Radio-Tracking Long-Beaked Echidnas in Papua New Guinea
A project undertaken at the Wildlife Conservation Society, Goroka, Papua New Guinea, and supervised by D Wright
The echidna and the platypus are the only monotremes, or egg-laying mammals, in the world, yet many aspects of their biology are unknown to science. Echidna species include the short-beaked echidna (Tachyglossus aculeatus), which lives in Australia and New Guinea, and the long-beaked echidna (Zaglossus spp.), which is a rare endemic found only in the highlands of New Guinea. Now categorized as Endangered using IUCN guidelines, the Long-beaked Echidna, Zaglossus bruijnii, was once widespread across New Guinea. It is extremely vulnerable to increased land clearing practices and to hunting by humans for consumption. The rapidity of decline, localised extinctions and overall scarcity of long-beaked echidnas call for immediate investigation into the ecological and conservation requirements of this group.
Prior to 2002 this study was funded by the Zoological Parks and Gardens Board of Victoria and the Wildlife Conservation Society as a pilot project to determine feasibility. Muse Opiang was able to capture nine long-beaked echidnas and radio-track seven (Figure 1), in the Crater Mountain Wildlife Management Area of PNG, showing that it can be done. However, signals were not heard from three of these after being released and the other four were lost after 5, 42, 51 and 62 days respectively. Some transmitters ceased functioning and others became dislodged, sometimes within stone dens where the signal could not be heard. Our main problem lay in that short-beaked echidnas have longer, stronger and more plentiful spines than long-beaked echidnas. Researchers in Australia have no problem attaching large transmitters with epoxy to dorsal spines (Figure 2). However, long-beaked echidnas have shorter, weaker and fewer spines, making the same attachment method problematic (Figure 3). Regardless, Muse was able to show movements in a single night of from 44 to 821 meters straight-line distance, a 7-week home range of 44 ha, and he documented characteristics for 22 echidna den sites.
The Pacific Biological Foundation joined the funding team in 2002. Since then we have purchased smaller transmitters in an attempt to prevent them from becoming dislodged from the echidnas back. We captured an additional three long-beaked echidnas and radio-tagged them; however, we are still having problems with the transmitters coming off prematurely. We have carried out a trial for anklet attachment using a captive echidna at the Rain Forest Habitat in Lae, with good success (Figure 4). The next wild echidna we capture will receive an anklet transmitter attachment which we think will go more smoothly than the dorsal attachment favoured by short-beaked echidna researchers. We have also started injecting microchips for identification in addition to the less permanent but more visible method of placing coloured heat-shrink tubing on spines. We have begun quantitative analyses of prey availability by collecting soil samples and sieving them for invertebrates. We are trying to see if earthworms and other long-beaked echidna prey are more common in some habitats than in others. We are also analysing dropping contents collected from captured long-beaked echidnas to document their diet seasonally (Figure 5). We are quantifying all possible den sites in the study area for comparison to den sites used in an effort to determine den type preference.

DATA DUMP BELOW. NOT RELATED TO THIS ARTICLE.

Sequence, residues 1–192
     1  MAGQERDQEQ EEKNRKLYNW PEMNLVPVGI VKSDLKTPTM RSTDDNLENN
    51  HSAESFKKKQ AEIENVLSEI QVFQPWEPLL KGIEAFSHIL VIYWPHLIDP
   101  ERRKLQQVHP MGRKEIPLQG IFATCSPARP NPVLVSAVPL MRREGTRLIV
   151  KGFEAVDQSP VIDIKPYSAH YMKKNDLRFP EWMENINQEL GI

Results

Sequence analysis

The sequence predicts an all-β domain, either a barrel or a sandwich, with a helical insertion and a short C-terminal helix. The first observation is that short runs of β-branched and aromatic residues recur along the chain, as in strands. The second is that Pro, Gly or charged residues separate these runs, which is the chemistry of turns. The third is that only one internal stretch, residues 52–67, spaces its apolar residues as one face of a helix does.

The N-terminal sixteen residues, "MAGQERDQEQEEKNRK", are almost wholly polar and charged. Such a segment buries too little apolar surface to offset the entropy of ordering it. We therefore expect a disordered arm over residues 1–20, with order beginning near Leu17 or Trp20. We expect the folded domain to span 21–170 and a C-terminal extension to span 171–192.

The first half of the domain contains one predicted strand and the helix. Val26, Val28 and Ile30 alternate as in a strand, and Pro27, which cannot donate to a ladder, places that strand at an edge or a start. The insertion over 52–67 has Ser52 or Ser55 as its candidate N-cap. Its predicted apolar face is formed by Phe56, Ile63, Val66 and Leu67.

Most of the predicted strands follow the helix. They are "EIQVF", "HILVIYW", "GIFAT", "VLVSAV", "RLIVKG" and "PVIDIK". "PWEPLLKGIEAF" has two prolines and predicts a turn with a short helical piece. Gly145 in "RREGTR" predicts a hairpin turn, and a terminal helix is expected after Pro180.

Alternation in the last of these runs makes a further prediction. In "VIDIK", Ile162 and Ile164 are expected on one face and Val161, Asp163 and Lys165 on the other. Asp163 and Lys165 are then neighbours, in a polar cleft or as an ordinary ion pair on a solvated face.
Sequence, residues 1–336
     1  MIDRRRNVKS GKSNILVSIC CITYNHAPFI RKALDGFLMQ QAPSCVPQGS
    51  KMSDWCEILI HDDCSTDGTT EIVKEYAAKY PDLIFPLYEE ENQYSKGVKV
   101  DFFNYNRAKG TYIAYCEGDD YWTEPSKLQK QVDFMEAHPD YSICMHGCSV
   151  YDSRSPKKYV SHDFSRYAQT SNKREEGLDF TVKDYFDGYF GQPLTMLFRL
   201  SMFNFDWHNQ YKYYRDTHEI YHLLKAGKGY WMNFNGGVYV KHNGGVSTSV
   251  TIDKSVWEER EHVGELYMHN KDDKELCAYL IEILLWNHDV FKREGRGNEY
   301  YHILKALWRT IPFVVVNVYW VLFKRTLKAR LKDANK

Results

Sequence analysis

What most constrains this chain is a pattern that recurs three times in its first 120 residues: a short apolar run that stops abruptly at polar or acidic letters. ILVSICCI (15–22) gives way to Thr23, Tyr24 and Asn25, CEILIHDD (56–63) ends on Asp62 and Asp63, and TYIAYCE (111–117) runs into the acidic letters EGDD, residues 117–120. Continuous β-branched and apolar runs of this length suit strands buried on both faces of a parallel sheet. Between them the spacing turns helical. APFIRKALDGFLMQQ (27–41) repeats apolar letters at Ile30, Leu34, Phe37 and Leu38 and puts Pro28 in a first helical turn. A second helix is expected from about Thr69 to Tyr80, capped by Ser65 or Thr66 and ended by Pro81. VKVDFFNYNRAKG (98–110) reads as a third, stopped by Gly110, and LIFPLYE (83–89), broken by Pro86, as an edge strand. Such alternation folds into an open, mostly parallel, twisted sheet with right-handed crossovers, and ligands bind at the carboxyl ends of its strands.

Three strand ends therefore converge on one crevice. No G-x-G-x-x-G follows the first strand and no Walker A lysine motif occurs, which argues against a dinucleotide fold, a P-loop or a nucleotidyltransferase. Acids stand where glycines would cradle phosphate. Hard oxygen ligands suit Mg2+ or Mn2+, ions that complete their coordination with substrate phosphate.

We found an adult long-beaked female which was freely lactating in April and May 2002 (in contrast to short-beaked echidnas which do not freely excrete milk and only lactate from October through January) (Figure 6). As this is the first recorded incidence of lactation for long-beaked echidnas in the wild, we do not know if breeding is seasonal, with a different seasonality to that of Australia, or if breeding is aseasonal in New Guinea. We hope to learn more.
In PNG, over 95% of the land is in the hands of local indigenous landowners. Therefore, conservation depends on convincing landowners, not just governments, of the need for wildlife protection and sustainable management practices. By working along side local landowners and discussing how rare and unique echidnas are, we hope to instill a conservation ethic for these incredible creatures. This project is the first field study of long-beaked echidnas in the wild (Figure 7).
Figure 1. Muse Opiang with a short-beaked echidna at Healsville Sanctuary.
Figure 2. Short-beaked echidna showing typical transmitter attachment.
Figure 3. Long-beaked echidna - note fewer spines on back when compared to short-beaked, but longer legs.
Figure 4. Trial anklet attachment for transmitters.
Figure 5. Katayo Sagata examining echidna dropping contents.
Figure 6. Mammary tissue within a lactating long-beaked echidna's pouch.
Figure 7. Releasing a long-beaked echidna back to its den.